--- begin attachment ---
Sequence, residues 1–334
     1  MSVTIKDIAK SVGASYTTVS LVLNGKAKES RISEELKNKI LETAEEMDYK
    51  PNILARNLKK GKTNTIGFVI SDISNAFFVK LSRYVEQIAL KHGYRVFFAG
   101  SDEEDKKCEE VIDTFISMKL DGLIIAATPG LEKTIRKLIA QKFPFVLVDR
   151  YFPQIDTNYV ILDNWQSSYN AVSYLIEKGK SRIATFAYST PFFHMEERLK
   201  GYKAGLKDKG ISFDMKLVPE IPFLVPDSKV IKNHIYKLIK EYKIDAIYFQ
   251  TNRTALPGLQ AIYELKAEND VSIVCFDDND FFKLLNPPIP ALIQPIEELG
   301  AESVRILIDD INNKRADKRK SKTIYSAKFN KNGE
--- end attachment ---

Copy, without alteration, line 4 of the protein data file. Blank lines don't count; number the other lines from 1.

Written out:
   101  SDEEDKKCEE VIDTFISMKL DGLIIAATPG LEKTIRKLIA QKFPFVLVDR